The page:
61 Virginis

From Conservapedia
Jump to: navigation, search
61 Virginis
Observational Data
Designation HD 115617
HIP 64924
Right ascension 13h 18m 24.3s
Declination −18o 18′ 40.3″
Constellation Virgo
Type of object Star
Magnitude Apparent Mag: 4.74
Absolute Mag: 5.07
Distance from Earth 27.8 ly
Radial velocity -8.2 km/s
Proper motion RA: -1,069.90 mas/yr
Dec.: -1,063.78 mas/yr
Parallax 117.35 ± 0.69 mas

61 Virginis is a star located in the constellation of Virgo some 27.8 light years from Earth. It is visible to the unaided eye in sufficiently dark skies as a dim point of light with an apparent magnitude of 4.74. This otherwise nondescript star is noted for the recent discovery of three extrasolar planets in orbit.

Star System

61 Virginis has garnered interest because of its similarity to our Sun, and is considered one of the top 100 target stars for NASA's planned Terrestrial Planet Finder (TPF). This interest has increased in December 2009 when two "super-Earth" and one Neptune sized world was announced found orbiting the star.[1]

In addition to the planets, a large debris disk of icy dust lies in orbit around 61 Virginis either some 95 ±5 to 195 ± 10 AUs away if the dust are black bodies (emit no electromagnetic radiation), or 120 ±20 to 220 ±10 AUs away, if the dust emits radiation in the infrared.[2] This dust ring has open the hypothetical possibility of a fourth world far out from the star, shepherding the dust ring.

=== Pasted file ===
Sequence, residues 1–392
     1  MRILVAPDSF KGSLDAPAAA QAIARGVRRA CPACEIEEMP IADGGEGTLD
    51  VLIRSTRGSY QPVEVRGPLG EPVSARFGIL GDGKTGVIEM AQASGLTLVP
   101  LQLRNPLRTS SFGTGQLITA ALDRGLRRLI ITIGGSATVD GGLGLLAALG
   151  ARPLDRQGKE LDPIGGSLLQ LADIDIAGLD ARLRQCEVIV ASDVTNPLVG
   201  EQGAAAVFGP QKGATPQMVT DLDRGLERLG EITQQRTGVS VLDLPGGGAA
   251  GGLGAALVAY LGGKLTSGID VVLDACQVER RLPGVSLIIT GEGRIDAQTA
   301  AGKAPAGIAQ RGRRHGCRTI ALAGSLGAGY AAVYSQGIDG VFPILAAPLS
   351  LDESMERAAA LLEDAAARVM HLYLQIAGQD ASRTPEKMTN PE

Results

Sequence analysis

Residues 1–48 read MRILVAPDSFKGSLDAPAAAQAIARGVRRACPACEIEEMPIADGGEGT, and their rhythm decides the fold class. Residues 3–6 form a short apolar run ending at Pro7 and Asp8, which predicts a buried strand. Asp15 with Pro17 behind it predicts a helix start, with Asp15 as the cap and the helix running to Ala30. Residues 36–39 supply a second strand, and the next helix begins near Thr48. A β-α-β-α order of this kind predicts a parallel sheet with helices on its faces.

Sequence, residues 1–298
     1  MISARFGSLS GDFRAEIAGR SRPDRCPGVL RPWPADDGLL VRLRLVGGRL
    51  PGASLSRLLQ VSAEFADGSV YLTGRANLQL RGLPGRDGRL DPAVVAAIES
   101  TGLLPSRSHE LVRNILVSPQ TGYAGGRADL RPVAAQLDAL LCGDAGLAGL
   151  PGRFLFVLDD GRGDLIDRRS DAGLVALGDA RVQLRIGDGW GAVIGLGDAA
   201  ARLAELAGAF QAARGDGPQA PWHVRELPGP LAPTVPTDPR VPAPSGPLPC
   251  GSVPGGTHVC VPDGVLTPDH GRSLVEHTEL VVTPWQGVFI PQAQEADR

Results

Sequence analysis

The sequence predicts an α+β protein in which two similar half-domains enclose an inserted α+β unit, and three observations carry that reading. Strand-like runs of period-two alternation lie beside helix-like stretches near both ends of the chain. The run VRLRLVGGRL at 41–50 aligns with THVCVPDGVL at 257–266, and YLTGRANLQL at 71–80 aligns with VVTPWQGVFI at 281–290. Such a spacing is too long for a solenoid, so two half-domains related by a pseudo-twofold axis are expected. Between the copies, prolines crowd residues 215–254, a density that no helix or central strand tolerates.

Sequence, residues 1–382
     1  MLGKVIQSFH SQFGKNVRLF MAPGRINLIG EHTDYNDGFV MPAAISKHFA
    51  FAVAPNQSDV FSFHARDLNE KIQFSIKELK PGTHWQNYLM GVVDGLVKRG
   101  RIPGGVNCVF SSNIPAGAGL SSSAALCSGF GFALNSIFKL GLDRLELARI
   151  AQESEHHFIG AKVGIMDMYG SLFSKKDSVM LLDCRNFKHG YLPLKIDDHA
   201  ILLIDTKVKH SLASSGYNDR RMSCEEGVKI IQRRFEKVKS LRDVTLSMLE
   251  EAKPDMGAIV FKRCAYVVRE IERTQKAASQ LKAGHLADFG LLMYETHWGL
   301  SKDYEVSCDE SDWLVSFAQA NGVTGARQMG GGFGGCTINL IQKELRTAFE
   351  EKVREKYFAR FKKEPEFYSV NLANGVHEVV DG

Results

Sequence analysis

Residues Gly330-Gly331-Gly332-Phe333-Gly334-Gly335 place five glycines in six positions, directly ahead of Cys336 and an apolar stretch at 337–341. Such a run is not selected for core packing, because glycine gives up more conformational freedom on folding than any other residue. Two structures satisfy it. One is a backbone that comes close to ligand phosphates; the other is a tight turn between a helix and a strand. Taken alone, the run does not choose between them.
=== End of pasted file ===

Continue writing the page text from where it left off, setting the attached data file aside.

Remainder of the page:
The Star

61 Virginis is a yellow-orange main sequence dwarf of spectral type G5-6 V. The star is a near twin of our own Sun, with 92 to 96 percent of its mass, and 94 to 98 percent of its diameter.[3] The star is also somewhat less luminous in comparison, with a total bolometric luminosity of 81 percent that of our Sun.[4] The star is considered "metal-rich" with a metallicity 1.1 times that of our Sun, based on the abundance of iron in the star.

61 Virginis b

61 Virginis b is the closest known planet to the star 61 Virginis, orbiting at a distance of only 0.050201 AU, with an orbital eccentricity of 0.12. At this distance, the world would complete an orbit in only 4.215 days. The planet has a mass 5.1 ±0.5 times of the Earth, classifying the world as a "super Earth". If the planet has a solid, terrestrial surface, it would be mostly molten rock.[5]

61 Virginis c

61 Virginis c is the second closest known planet to the star 61 Virginis. The world has a minimum mass 18.2 times that of the Earth making it likely a small gas giant not unlike Uranus or Neptune. The world orbits at a mean distance of 0.2175 AU with an eccentricity of 0.14. At this distance, the planet would orbit in only 38 days.[5]

61 Virginis d

61 Virginis d is the farthest known planet that orbits the star 61 Virginis. The planet has the greatest orbital eccentricity of the 61 Virginis system, with an eccentricity of 0.35. The mean distance of the world's orbit is 0.476 AU, a little less than one half of the size of the orbit of the Earth. The world is also the most massive known at 23 times the mass of the Earth. As such, the world is most likely a gas giant not unlike Uranus or Neptune.[5]

For an Earth-like planet to have liquid water on its surface, it would need to be centered around 0.9 AU from the star. Such a world would have an orbital period of roughly 317 days. Such a small world would be extremely difficult to detect with present technology.